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Alagille syndrome or ALGS is a rare genetic disorder that can affect multiple organ systems in the body, including the liver, skeleton, heart, eyes and kidneys. It is also known by names such as Alagille-Watson syndrome and arteriohepatic dysplasia. 
The syndrome is mainly characterised by the buildup of bile in the liver, leading to liver damage. The symptoms and severity of the condition can vary greatly from one individual to another, even within the same family. Some people may have mild forms of ALGS, while others have more severe forms.
Take a look at the details of Alagille syndrome.
Causes Of Alagille syndrome
Alagille syndrome is mainly caused by mutations in the JAG1 gene (in 90 per cent of cases), the NOTCH2 gene and small deletions of gene on chromosome 20 that include the JAG1 gene.
The two genes, JAG1 and NOTCH2, code for Notch signalling between neighbouring cells during embryonic development. This signalling influences how cells in the developing embryo body may be structured. Mutation of these genes is likely to disrupt the Notch signalling pathway and cause errors in development, notably in the bile ducts, heart, spinal column and certain facial features. 
Some of the abnormalities due to gene mutation may include narrow, malformed and the formation of insufficient bile ducts that help digest fats and fat-soluble vitamins. This symptom may be followed by severe heart and lungs problems.
Symptoms Of Alagille syndrome
Some of the symptoms of alagille syndrome may include: 
- Yellowing of the skin and eyes.
- Pale, gray or white stool.
- Jaundice in the newborn.
- Delay in growth and development.
- Itchy skin 
- Palpitation of the heart.
- Hard cholesterol bumps on the skin.
- Facial characteristics like wide forehead, small chin, straight nose and deep eyes during infancy.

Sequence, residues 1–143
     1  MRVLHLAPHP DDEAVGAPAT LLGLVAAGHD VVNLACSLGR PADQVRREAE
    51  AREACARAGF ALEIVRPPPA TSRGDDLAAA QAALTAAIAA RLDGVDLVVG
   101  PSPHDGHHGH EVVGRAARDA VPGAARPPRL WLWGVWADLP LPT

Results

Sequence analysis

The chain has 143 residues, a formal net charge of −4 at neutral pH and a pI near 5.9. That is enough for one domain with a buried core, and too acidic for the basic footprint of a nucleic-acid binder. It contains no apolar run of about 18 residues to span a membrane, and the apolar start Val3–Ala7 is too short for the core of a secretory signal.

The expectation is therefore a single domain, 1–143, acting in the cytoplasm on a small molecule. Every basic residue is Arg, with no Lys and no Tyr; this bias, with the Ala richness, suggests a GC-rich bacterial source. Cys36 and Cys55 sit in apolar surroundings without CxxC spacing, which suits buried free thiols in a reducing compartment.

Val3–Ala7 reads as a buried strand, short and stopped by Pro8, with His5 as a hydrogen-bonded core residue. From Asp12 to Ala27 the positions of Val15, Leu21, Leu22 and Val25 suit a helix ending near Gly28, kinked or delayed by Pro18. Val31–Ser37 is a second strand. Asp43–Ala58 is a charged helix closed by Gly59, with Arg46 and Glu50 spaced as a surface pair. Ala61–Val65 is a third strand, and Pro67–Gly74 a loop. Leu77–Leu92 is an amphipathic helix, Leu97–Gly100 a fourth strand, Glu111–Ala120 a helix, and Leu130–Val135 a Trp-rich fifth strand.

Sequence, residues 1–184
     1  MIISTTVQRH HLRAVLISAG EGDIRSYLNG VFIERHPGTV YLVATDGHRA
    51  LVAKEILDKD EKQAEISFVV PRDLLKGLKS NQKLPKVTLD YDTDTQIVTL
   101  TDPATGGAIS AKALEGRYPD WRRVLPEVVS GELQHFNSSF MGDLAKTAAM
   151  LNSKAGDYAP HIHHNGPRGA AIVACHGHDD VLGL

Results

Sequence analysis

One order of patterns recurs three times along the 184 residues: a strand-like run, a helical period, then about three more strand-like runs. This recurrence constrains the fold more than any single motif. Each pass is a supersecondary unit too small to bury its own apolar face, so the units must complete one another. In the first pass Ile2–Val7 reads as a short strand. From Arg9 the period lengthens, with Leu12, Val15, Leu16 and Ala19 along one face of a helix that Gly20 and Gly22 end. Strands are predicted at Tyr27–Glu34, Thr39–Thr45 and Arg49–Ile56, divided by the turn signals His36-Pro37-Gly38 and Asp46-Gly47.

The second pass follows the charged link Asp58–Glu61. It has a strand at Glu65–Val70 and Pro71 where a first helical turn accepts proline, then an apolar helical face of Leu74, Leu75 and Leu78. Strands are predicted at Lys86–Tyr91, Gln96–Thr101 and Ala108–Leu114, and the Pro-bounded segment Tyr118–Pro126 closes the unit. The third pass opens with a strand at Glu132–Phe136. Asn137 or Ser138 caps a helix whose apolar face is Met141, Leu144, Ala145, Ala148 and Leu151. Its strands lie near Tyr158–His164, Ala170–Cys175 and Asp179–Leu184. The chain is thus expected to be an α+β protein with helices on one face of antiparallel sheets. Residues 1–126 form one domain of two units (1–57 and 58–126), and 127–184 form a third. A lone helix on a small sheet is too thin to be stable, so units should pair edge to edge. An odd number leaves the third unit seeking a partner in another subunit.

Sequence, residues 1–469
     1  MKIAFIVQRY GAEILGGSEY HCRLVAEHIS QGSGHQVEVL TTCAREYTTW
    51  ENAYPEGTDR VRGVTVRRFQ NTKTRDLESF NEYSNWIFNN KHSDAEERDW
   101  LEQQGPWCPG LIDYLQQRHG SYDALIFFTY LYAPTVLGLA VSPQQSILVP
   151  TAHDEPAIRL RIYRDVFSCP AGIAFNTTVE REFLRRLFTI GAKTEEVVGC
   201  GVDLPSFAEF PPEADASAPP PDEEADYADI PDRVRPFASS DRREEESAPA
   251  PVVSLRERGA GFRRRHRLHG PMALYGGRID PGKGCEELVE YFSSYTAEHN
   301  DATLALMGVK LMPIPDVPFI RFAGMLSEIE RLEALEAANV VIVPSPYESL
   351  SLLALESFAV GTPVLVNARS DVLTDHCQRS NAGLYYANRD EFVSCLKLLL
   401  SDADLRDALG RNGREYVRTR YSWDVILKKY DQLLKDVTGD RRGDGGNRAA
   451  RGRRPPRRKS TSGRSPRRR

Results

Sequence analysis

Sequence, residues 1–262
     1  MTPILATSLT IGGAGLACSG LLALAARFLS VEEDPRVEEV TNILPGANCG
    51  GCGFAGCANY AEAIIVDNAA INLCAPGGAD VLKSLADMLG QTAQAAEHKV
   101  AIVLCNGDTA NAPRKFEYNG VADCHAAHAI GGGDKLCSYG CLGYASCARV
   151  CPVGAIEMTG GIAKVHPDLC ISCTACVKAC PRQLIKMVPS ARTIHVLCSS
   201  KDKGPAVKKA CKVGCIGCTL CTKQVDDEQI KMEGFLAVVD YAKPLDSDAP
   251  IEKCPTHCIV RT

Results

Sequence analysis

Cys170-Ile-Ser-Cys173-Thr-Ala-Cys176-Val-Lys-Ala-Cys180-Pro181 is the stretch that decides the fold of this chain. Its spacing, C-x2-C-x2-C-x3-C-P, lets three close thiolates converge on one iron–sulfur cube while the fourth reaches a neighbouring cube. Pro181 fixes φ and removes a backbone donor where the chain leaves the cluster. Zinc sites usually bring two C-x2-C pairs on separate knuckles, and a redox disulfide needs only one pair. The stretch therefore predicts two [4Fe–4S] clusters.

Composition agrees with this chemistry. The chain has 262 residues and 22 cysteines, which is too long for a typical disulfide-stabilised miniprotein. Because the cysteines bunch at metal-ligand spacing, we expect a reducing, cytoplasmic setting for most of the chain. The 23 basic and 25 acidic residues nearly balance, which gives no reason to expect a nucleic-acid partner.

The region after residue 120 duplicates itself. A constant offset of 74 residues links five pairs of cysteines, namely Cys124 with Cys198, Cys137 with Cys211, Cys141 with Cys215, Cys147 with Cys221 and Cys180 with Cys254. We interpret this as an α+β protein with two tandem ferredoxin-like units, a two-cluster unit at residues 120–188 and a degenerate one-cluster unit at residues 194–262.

- Insufficiency of the kidneys.
- White ring in the eyes. 
- Enlarged spleen
Diagnosis Of Alagille syndrome
The symptoms of many conditions overlap with alegille syndrome. Therefore, a medical expert must rule out other conditions first. Some of these conditions may include neonatal hepatitis, extrahepatic biliary atresia and cystic fibrosis.
To diagnose alagille syndrome, a medical expert may look for physical symptoms like yellowing of the skin, followed by:
- Liver biopsy: To check for the proper functioning of the liver and bile. 
- Screening of heart and blood vessels: Along with tests related to bile, diagnosis of heart and blood vessels may help identify complications of the condition. 
- Blood test: To check for fat-soluble vitamin deficiency and the functioning of the liver.
Treatment Of Alagille syndrome
The treatment of alagille syndrome is customised based on the age, complications, severity and other factors of the patient. Some of the treatment methods may include:
- Medications: To improve the flow of bile from the liver and reduce symptoms like itching.
- Surgery: It includes liver transplantation in people with severe alagille syndrome. 
- Vitamin supplements: In the case of deficiency of soluble vitamins like A, D and K.
Alagille syndrome is a lifelong condition and babies born with the condition have to work closely with medical experts to reduce their symptoms and improve their quality of life. Genetic testing can help reduce the risk of the condition in future generations.
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